Good post Sabrina! I also find some information about Fennecs after read your post.
Basically, I think that why fenneces are so different from other fox is because they live in Sahara Desert. I’ve never heard that any kind of fox live in a desert.
The surface of the desert ranges from large areas of sand dunes (erg Chech, Raoui), to stone plateaus (hamadas), gravel plains (reg), dry valleys (wadis), and salt flats. So we can see that the Sahara Desert is very arid, and it’s very changeable. And the fennecs need to be change because of the environment. I think that’s why they are not look like fox and they have so many traits.

Great post Sabrina!! I seen fennec foxes in real life and they are unique animals. Referring to what Ms. Baker said, the Belyaev experiment was a major discovery in artificial selection. Belyaev was a Soviet geneticist who performed his experiments in the 1950s and 60s. Belyaev believed that domesticated animals resulted in genetic changes over the course of time by the process of selection. Unlike most other scientists at the time, he believed that behavior was the cause of these changes, not by size or how much the animal reproduces. In 1959, he started an experiment on which how different behavioral skills can change a species over time. He used grey foxes, which are untamed. As the experiment began, he kept the foxes in cages, and allowed less time with contact with humans. When new pups are about 3 months old, they are placed to experiment with feeding, in which the experimenters give them food, and then see if the pups interact with the other pups or the humans more often. When the pups are sexually mature, they are placed in classes based on tameness. Eventually, some of the foxes remained the same, while some have in fact became tame.
I would now like to raise a question. How will this experiment, if performed, will react to this experiment? What could be a possible hypothesis for this experiment? These questions could relate to the fennecs by showing that there could be a possiblity that the fennecs can be fully tamed.

Interesting choice for a post, Sabrina. I agree with Andrea that although they may be difficult pets to raise and take care of, I think that with enough care and attention they could easily be considered “pets”. If you think about it, most household pets originated from similar wild speicies that would never be considered demestocated today. For example, dogs are common household pets that numerous amounts of people keep as company and train to do several tricks. Researchers at UCLA (University of California at Los Angeles), recently conducted a study to prove that dogs descended from wolves in the middle east. Their results showed that specific domesticated dogs can trace a common ancestor back to wolves that lived in the middle east through gentetics and the same DNA. Just like dogs, these fennec foxes can be domesticated even though they are wild animals.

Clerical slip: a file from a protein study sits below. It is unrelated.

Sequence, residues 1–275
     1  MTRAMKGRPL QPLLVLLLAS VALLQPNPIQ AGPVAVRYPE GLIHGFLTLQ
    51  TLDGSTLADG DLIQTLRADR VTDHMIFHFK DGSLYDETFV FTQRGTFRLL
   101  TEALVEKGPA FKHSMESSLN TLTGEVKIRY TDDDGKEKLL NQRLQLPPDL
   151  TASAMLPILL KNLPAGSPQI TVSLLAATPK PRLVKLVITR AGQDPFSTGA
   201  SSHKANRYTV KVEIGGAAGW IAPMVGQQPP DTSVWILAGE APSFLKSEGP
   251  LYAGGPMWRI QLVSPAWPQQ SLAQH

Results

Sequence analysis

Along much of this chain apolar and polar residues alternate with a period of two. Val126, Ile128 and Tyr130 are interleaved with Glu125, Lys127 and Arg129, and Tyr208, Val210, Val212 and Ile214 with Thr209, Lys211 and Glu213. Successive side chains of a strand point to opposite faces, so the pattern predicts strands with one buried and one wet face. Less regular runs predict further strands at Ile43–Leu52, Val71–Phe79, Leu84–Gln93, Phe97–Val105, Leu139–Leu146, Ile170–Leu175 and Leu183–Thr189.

I don’t exactly agree that fennecs are classified under their own group, but I do think that these foxes can be considered foxes. According to National Geographic, researches consider this species a type of fox because they behave and act just like foxes. They also try to survive and reproduce in the same way. I don’t think their chromosome count affects if they should depend on what group they should be classified under.
http://www.npr.org/templates/story/story.php?storyId=124768140
http://animals.nationalgeographic.com/animals/mammals/fennec-fox/

Great post, Sabrina! Fennecs can be household pets in fact they are basically a combination of a cat and a dog. They are the size of a cat, and have similar personalities to a cat, but have the energy of a dog. They don’t even smell, like a cat or dog would, unless they scared but that odor lasts only for a moment. They aren’t more or less time consuming then a dog would be, you would need to play with it and give it its exercise, but it also sleeps a lot too. They also come with the same precautions you’d have with a dog, you should keep small objects away from them because they will eat it and because they are small you should be careful not to step on them around the house! Fennecs do also bark like dogs, and snarl like them too when playing so don’t be worried if they make any weird noises at you. These animals are a lot like having a puppy in the house they will chew on your furniture and aren’t automatically trained not to pee on your bed. They are trainable though, and aren’t completely wild in the sense that they love to be cuddled and held.

wow great topic Sabrina! I personally believe that Fennecs are foxes. I did not know that foxes could live in deserts, or the Sahara Desert for that manner. I know from general knowledge that the Sahara Desert is very hot and i thought it was awesome that this animal is nocturnal so it can hunt at night so it doesn’t have to face the scorching heat. I also noticed that you mentioned that they have to have a lot of attention or else they can use there skills to dig under fences and i 100 percent agree with that because i have watched a video which i will post at the bottom of a fennec owner that is annoying it’s fennec with his camera and the fennec makes growling noises and tries to leave the area. I just thought that it proved that if you don’t treat a fennec right it will do what it knows whats est for him.